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The race is on to get new transport laws through

16th May 2013, Page 17
16th May 2013
Page 17
Page 18
Page 17, 16th May 2013 — The race is on to get new transport laws through
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Brussels before next year's parliamentary elections Wards: Patric cunnane The clock is ticking for the European Parliament to complete any outstanding business, as its May 2014 elections are approaching. After the summer break, MEPs' thoughts will increasingly turn to election campaigns and parliamentary time will be at a premium.

A raft of transport-specific proposals are winding their way through Brussels: fuel-saving aerodynamic vehicles; digital tachographs; cabotage; roadworthiness tests and van emissions are all facing review. The parliament's transport committee has cautiously welcomed proposals from the European Commission (EC) to revise the Weights and Dimensions Directive 96/53/EC, including: • increased length to allow for the inclusion of dragreducing tails or flaps at the rear of trailers; • increased length to allow cabs with longer noses, reducing drag and improving crash-test performance; • increased weight limit of hybrid or electric vehicles by one tonne to allow for battery weight; • increase in the length of skeletal trailers by 15cm to allow the carriage of 45ft containers. The EC forecasts fuel savings of 5% to 8% from trailer tail extensions and 3% to 5% from shapelier cabs replacing the current brick shape. This would also create greater vision for the driver and improved safety for pedestrians and cyclists at junctions. Aerodynamic improvements could save about €5,000 (£4,270) a year for a lorry covering 100,000km.

However, the current proposal must be adopted by the European Parliament and member states before becoming law. The new trucks could be seen on the road by 2020.

Meanwhile, MEPs are divided on plans to allow longer heavier vehicles to travel between countries. Co-operation between member states would be required to allow such vehicles to cross borders — in Denmark, where a trial started in 2008, units are up to 23.35m long and plated at 60 tonnes.

"It's a passionate debate. I wouldn't like to predict a vote," says a spokesman for the transport committee.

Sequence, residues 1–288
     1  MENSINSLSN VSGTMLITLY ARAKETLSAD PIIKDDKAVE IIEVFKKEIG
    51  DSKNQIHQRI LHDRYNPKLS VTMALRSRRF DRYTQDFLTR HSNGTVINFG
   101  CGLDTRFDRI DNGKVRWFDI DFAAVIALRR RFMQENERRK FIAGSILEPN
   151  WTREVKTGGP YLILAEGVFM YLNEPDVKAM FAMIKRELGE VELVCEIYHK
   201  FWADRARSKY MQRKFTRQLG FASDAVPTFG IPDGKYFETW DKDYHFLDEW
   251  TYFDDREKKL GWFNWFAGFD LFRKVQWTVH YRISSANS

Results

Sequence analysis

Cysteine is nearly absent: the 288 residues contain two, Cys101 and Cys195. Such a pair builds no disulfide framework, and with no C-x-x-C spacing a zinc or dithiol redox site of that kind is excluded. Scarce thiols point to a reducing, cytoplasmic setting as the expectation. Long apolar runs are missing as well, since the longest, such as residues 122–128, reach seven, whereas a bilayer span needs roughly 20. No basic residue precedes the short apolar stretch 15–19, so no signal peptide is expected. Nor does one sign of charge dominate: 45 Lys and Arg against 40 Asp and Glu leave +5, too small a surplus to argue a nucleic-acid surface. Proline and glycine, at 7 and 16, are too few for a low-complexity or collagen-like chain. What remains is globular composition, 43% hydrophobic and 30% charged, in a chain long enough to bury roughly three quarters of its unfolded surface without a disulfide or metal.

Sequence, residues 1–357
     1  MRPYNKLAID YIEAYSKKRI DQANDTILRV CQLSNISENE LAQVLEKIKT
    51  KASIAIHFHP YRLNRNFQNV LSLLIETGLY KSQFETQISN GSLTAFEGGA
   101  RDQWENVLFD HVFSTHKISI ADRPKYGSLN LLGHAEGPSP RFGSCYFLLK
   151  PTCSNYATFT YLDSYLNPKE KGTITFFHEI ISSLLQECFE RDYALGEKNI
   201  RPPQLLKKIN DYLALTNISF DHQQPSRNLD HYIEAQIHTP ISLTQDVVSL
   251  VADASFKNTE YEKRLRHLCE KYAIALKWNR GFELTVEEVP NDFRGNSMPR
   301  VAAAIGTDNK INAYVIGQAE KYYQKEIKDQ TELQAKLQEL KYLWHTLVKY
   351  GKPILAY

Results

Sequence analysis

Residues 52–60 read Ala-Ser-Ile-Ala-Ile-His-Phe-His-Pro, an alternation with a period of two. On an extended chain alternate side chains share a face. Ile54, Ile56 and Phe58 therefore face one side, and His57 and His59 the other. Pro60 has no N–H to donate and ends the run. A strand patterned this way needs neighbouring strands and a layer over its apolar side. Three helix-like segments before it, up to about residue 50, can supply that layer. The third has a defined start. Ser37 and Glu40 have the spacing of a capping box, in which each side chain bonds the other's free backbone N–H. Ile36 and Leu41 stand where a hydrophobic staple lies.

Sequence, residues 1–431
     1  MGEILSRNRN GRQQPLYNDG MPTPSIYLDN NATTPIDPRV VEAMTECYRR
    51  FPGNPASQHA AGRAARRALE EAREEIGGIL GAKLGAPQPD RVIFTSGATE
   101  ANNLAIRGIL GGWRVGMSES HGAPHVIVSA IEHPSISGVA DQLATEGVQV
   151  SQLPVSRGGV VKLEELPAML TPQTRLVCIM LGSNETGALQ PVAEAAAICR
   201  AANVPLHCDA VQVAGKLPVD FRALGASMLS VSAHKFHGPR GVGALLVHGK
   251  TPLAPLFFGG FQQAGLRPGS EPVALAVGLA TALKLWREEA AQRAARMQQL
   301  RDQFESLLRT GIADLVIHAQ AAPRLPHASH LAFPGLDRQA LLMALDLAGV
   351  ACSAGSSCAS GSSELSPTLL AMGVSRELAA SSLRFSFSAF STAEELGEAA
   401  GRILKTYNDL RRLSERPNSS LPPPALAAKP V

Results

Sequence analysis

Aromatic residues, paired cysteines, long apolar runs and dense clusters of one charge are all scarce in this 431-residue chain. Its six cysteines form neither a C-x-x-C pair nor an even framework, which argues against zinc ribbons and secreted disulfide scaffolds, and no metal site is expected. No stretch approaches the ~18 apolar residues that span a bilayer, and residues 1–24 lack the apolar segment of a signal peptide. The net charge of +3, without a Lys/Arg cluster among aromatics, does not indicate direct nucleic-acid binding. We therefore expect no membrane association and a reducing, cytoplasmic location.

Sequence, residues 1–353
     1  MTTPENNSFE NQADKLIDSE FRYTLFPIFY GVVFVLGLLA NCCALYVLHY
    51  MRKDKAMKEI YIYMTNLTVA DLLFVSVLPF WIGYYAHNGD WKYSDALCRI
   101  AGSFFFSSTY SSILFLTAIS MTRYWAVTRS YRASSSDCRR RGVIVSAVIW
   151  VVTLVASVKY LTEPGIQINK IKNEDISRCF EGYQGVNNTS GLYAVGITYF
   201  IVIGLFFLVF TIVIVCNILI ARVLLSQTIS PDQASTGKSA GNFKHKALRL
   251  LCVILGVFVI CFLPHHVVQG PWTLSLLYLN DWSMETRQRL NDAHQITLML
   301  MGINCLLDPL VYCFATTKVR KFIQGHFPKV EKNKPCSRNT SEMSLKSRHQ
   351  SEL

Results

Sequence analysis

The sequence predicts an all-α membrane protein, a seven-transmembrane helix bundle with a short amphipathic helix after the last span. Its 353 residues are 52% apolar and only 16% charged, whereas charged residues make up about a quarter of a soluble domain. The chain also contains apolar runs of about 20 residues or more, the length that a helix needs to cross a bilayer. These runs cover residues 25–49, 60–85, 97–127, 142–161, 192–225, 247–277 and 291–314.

The EC has abandoned one of its more ambitious proposals for the next generation of tachographs: merging the driver card and the driving licence. Chris Yarsley, road freight enforcement and EU affairs manager at the Freight Transport Association, says: "There were too many complications with so many licensing authorities."

Set to come into force by 2017/18, the next generation aims to include a GPS module to record the start and end time of each journey and allow enforcement agencies to access information without stopping the vehicle. The kit could be linked to other intelligent transport systems to communicate information, such as truck location.

Evidence With cabotage regulations, evidence has led MEPs and transport ministers to urge there should be no change to the current regime of three domestic jobs in a seven-day period. Studies presented to the transport committee show a "significant deterioration in labour conditions" across the union and five members of the Council of Transport Ministers — Austria, Belgium, Denmark, France and Italy — have rebelled against liberalisation.

"It is premature to initiate legislative developments," says a joint statement, "if their objective leads to further opening of the road haulage market, which is plagued by serious irregularities."

Problems cited include unfair competition and operators ignoring rules to "drag down the cost of transport services, resulting in the crowding out of law-abiding companies and their drivers". Other opponents include the International Road Transport Union and the Transport Workers' Federation.

EC Transport Commissioner Sinn KaIlas has been a supporter of full liberalisation, but is said to have had second thoughts. According to Yarsley: "If he takes his original route, he will come up against major opposition." IN BRIEF • The recently introduced European Register of Road Transport Undertakings (ERRU), linking enforcement agencies in Europe, has run into problems and requires overhauling to make it work. ERRU is designed to curb lawlessness by logging serious offences across the EU, allowing enforcement agencies to target rogue operators wherever they turn up. At its launch in January, many countries were unable to go live. Disparity about how rules are interpreted in member states has created problems. The EC is producing guidance notes to rectify this.

• Legislation to set common standards for roadworthiness testing has run into controversy. A proposed amendment states that maintenance contractors for vehicles under 7.5 tonnes should not be able to carry out testing as well as this represents a conflict of interest. Testing larger vehicles remains unaffected and would continue to be carried out by national agencies, such as Vosa.

• Van emissions are under review, with a proposal that average emissions for new vehicles be cut to between 100g and 115g 002/km by 2025, unless a lower target is justified by improved technologies. The move follows limits set in 2010, when parliament agreed to restrict emissions to 140g 002/km by 2020.

• A single market in registration documents is proposed, allowing vehicles to transfer more easily across the EU. The UK, Ireland, Malta and Cyprus will be less affected since there is limited demand across the EU for right-hand-drive vehicles. Operators with cross-border operations could benefit.

• A dash to meet the Driver CPC training deadline by 2014 is emerging as a problem across the EU. The EC is considering setting up a stakeholders' consultation to review its effectiveness.

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